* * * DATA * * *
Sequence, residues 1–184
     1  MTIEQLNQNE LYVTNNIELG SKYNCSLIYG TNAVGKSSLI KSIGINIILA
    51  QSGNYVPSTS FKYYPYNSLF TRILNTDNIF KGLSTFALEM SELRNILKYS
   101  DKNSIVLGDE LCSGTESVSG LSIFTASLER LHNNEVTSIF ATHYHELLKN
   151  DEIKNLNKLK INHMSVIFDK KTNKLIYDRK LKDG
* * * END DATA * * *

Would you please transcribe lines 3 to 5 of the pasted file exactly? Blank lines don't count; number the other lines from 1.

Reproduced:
    51  QSGNYVPSTS FKYYPYNSLF TRILNTDNIF KGLSTFALEM SELRNILKYS
   101  DKNSIVLGDE LCSGTESVSG LSIFTASLER LHNNEVTSIF ATHYHELLKN
   151  DEIKNLNKLK INHMSVIFDK KTNKLIYDRK LKDG